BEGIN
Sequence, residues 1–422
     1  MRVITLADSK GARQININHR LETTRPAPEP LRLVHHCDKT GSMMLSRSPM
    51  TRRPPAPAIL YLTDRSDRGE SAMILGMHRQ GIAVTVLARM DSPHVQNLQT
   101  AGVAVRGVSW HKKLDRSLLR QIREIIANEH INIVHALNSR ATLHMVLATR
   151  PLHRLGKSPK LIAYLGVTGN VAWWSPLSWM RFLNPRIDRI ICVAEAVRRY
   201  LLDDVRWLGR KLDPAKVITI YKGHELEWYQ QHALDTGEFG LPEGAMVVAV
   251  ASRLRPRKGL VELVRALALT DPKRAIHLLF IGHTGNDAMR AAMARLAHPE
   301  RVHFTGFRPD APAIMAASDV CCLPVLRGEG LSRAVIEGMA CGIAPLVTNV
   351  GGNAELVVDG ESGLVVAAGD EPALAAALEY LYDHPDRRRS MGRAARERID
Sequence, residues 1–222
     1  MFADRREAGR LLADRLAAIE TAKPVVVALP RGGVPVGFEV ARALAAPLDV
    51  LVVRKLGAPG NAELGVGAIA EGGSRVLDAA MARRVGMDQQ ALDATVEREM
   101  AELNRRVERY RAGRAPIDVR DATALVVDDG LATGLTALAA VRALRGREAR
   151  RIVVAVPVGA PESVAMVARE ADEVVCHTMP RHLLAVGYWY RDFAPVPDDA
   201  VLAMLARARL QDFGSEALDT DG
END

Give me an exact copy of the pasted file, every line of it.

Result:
Sequence, residues 1–422
     1  MRVITLADSK GARQININHR LETTRPAPEP LRLVHHCDKT GSMMLSRSPM
    51  TRRPPAPAIL YLTDRSDRGE SAMILGMHRQ GIAVTVLARM DSPHVQNLQT
   101  AGVAVRGVSW HKKLDRSLLR QIREIIANEH INIVHALNSR ATLHMVLATR
   151  PLHRLGKSPK LIAYLGVTGN VAWWSPLSWM RFLNPRIDRI ICVAEAVRRY
   201  LLDDVRWLGR KLDPAKVITI YKGHELEWYQ QHALDTGEFG LPEGAMVVAV
   251  ASRLRPRKGL VELVRALALT DPKRAIHLLF IGHTGNDAMR AAMARLAHPE
   301  RVHFTGFRPD APAIMAASDV CCLPVLRGEG LSRAVIEGMA CGIAPLVTNV
   351  GGNAELVVDG ESGLVVAAGD EPALAAALEY LYDHPDRRRS MGRAARERID
Sequence, residues 1–222
     1  MFADRREAGR LLADRLAAIE TAKPVVVALP RGGVPVGFEV ARALAAPLDV
    51  LVVRKLGAPG NAELGVGAIA EGGSRVLDAA MARRVGMDQQ ALDATVEREM
   101  AELNRRVERY RAGRAPIDVR DATALVVDDG LATGLTALAA VRALRGREAR
   151  RIVVAVPVGA PESVAMVARE ADEVVCHTMP RHLLAVGYWY RDFAPVPDDA
   201  VLAMLARARL QDFGSEALDT DG